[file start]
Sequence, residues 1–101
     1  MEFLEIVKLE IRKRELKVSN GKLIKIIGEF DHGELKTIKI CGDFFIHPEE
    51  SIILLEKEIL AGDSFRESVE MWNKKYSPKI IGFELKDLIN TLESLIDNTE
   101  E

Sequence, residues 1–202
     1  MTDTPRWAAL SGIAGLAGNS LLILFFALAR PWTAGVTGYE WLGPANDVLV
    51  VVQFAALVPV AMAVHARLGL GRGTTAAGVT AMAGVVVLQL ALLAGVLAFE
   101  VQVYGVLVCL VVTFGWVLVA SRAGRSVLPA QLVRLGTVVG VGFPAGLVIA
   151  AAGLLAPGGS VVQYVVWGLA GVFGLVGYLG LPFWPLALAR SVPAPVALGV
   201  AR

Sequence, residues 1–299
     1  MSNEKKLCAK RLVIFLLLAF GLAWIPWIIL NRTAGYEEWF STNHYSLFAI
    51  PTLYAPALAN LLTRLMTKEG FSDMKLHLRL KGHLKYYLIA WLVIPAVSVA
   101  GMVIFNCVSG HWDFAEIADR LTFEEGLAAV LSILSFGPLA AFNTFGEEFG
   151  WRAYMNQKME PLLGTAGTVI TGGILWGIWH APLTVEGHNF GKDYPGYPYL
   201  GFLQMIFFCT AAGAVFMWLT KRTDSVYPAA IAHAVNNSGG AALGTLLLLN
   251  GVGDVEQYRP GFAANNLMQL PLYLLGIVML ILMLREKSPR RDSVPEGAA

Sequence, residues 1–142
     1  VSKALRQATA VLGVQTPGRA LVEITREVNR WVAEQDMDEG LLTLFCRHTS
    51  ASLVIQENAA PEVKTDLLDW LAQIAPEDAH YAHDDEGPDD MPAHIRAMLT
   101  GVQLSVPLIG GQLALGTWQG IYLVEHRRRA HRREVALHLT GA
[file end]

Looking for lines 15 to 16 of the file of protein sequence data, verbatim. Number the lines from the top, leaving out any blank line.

   151  WRAYMNQKME PLLGTAGTVI TGGILWGIWH APLTVEGHNF GKDYPGYPYL
   201  GFLQMIFFCT AAGAVFMWLT KRTDSVYPAA IAHAVNNSGG AALGTLLLLN